...Please also describe why the quality assessments appear to assume uniform distribution of contaminants following addition of [redacted] to the waste stream and before the backflow of contaminants into the [redacted] tank. Provide a revised quality assessment for [redacted] that clearly describes all calculations used to support the conclusions, and clearly describe any altered conclusions after addressing the issues described in this letter. For each analytical method used to support your conclusions, provide method qualification information, including the limit of detection for each potential contaminant. Also, provide a quality impact assessment for your [redacted] product, which was also manufactured using [redacted] around the time of the initial contamination in the [redacted] tank. Describe any contact you have had with the customers of the potentially affected products and your plans with respect to the disposition of any potentially affected batches that remain within expiry.  
(You have to love a letter that is addressed directly to the CEO. Wow.)

It's difficult to tell exactly what happened from this warning letter, but I am wondering if there was a tank that was somehow connected to a waste tank and something burped over? Or the wrong valve got opened for just a second? I'm confused. There's a hell of a story around here somewhere.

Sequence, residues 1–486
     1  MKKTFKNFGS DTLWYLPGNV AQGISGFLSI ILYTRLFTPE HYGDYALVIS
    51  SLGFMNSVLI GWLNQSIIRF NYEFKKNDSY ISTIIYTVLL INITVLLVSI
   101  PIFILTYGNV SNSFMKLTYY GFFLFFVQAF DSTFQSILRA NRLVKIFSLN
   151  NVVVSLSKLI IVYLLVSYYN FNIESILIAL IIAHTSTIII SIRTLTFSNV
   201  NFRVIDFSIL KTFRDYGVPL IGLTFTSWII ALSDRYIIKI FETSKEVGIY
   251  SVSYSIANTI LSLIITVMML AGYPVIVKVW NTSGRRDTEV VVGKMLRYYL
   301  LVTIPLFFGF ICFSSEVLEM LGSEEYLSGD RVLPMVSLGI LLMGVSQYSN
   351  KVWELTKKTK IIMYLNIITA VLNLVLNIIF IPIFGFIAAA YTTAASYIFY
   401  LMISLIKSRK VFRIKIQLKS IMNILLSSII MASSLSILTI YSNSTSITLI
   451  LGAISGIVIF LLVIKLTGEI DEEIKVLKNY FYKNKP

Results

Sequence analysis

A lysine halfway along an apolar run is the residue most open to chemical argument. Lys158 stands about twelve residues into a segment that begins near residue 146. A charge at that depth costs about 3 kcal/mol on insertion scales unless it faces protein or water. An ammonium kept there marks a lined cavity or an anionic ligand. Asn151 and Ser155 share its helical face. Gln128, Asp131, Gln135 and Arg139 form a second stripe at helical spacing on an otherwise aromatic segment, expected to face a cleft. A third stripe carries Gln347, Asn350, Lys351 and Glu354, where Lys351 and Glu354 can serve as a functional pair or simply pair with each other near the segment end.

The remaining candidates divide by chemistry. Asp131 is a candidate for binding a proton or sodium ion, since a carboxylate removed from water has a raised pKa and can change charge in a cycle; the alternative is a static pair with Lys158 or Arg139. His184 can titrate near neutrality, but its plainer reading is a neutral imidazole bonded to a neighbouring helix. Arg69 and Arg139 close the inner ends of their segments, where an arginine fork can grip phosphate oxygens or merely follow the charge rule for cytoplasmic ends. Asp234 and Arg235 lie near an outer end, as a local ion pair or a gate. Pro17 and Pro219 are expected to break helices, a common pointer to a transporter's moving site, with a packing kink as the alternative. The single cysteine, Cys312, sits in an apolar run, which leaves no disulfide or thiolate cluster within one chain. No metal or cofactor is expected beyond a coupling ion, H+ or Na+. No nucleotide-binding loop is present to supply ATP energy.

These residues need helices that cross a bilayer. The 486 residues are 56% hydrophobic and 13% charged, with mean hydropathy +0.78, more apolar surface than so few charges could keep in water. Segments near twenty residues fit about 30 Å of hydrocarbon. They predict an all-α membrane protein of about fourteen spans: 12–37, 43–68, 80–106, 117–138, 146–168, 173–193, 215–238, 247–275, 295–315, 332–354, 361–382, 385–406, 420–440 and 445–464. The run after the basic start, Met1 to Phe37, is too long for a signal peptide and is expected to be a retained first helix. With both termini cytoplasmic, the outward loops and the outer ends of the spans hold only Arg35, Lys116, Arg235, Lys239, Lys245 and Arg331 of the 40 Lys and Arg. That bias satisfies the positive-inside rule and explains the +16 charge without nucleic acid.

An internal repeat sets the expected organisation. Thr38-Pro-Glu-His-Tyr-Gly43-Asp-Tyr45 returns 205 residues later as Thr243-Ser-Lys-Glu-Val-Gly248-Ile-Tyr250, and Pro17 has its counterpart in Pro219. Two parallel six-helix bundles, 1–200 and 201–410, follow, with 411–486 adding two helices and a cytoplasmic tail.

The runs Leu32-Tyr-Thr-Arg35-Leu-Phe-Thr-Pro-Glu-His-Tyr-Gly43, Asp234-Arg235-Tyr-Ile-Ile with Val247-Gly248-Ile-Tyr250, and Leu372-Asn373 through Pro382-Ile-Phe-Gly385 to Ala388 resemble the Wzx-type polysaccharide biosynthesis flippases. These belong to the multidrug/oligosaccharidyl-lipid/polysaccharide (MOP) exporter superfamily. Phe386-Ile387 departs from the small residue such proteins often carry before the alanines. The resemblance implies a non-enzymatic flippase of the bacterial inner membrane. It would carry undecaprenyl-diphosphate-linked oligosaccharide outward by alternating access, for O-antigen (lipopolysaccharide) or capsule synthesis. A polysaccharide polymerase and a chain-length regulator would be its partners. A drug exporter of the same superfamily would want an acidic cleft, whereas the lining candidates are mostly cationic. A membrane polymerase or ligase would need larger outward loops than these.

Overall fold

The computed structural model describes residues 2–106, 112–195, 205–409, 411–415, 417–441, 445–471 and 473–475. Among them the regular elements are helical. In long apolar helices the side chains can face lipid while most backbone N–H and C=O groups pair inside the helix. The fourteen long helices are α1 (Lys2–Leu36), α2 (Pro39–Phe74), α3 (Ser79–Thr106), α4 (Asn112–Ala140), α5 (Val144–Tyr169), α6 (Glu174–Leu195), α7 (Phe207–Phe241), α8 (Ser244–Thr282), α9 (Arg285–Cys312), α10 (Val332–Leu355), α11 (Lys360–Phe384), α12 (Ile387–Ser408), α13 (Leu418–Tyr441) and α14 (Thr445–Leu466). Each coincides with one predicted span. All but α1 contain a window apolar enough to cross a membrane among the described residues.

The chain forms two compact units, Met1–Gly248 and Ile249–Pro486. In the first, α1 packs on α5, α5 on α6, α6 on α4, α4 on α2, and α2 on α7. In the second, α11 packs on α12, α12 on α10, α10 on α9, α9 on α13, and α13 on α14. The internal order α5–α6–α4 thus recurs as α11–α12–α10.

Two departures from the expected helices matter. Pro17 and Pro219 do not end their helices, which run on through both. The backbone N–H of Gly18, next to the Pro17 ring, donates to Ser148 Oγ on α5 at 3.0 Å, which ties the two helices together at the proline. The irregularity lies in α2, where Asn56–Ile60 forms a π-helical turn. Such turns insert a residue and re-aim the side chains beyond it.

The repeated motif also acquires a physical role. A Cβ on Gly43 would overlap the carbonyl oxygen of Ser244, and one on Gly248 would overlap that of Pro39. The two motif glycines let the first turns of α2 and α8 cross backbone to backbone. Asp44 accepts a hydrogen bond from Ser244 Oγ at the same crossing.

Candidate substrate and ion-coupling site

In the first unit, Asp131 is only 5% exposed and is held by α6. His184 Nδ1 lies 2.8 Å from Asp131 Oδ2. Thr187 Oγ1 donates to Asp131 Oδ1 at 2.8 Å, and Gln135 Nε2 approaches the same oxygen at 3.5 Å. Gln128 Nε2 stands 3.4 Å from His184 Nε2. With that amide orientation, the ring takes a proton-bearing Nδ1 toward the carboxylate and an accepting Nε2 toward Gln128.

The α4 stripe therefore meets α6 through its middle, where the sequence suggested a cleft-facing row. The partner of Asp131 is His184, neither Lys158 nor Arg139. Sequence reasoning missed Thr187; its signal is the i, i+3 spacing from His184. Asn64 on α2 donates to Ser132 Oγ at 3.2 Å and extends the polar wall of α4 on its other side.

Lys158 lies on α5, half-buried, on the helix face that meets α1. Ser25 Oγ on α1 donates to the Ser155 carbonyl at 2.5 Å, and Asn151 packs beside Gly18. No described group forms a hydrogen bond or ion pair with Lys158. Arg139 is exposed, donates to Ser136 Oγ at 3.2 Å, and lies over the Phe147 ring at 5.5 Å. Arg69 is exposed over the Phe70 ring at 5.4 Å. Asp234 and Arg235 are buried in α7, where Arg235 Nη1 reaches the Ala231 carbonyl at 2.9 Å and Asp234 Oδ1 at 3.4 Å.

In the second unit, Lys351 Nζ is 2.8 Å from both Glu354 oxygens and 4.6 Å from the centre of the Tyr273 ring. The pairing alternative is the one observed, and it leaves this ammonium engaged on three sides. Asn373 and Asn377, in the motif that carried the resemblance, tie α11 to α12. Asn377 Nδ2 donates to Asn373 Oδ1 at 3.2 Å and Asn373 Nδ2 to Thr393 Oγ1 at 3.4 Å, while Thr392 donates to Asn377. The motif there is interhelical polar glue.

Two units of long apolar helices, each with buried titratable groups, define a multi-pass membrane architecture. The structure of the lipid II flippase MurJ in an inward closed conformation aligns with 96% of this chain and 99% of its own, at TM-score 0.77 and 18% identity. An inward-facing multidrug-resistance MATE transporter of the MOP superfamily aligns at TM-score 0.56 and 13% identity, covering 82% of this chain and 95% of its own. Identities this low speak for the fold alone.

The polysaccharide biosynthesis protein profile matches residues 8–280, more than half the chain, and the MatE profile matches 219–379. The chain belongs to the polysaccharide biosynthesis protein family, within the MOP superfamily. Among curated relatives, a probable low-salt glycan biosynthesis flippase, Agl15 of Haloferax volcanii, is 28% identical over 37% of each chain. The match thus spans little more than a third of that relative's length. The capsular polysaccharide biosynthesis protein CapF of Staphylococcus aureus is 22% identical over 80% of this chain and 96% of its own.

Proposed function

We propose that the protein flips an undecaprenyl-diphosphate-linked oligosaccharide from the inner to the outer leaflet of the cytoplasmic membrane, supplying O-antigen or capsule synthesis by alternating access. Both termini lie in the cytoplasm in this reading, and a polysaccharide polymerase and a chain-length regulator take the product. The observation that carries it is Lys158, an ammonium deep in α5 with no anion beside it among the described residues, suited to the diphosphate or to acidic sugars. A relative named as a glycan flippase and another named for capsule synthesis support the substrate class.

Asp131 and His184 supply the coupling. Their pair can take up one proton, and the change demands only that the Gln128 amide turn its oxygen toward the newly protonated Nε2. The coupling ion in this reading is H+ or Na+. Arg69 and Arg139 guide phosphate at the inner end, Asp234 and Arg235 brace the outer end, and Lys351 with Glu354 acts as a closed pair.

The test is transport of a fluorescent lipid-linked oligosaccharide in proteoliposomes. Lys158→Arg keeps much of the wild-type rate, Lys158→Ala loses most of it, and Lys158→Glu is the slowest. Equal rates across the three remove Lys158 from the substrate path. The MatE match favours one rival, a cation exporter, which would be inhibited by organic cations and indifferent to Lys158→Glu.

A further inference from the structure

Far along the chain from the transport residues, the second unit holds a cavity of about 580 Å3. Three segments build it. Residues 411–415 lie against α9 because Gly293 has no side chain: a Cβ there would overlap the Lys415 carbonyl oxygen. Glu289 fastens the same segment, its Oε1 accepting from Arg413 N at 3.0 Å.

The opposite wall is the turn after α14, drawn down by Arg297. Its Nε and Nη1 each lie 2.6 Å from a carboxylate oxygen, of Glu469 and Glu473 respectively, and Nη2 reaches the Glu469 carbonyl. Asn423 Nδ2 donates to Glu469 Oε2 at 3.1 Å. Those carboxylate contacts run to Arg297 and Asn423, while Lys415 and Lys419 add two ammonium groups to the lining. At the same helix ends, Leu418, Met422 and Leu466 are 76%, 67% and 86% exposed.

Ultimately, what is really bad is that rather than trashing the batches, they decided that they could continue processing. While it may have saved them a batch or two of product, it sure seems like it has made much worse headaches later.  

7 comments:

  1. They only address them to the CEO when they are really annoyed- one might conclude it affords them a degree of brutality that the Agency could not directly put in words....

    Very naughty indeed...

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    1. I may be incorrect but I believe is SOP that all FDA Warning Letters are always addressed to CEO as in organizations they are supposed to be the ultimate responsible party. At the same time standard 483 and other routine communications typically go to the Facility or Quality Heads for a particular site

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  2. Made in a plant in China?

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  3. But I thought that such lapses only occurred in countries where the population is non-white, you know.. like India. *sarcasm*

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    1. Well, there was Bophal (no sarcasam)

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  4. CEO in today's corporation are made rich on day 1, richer if they fail and richest when they get fired. I'm sure he is on top of things...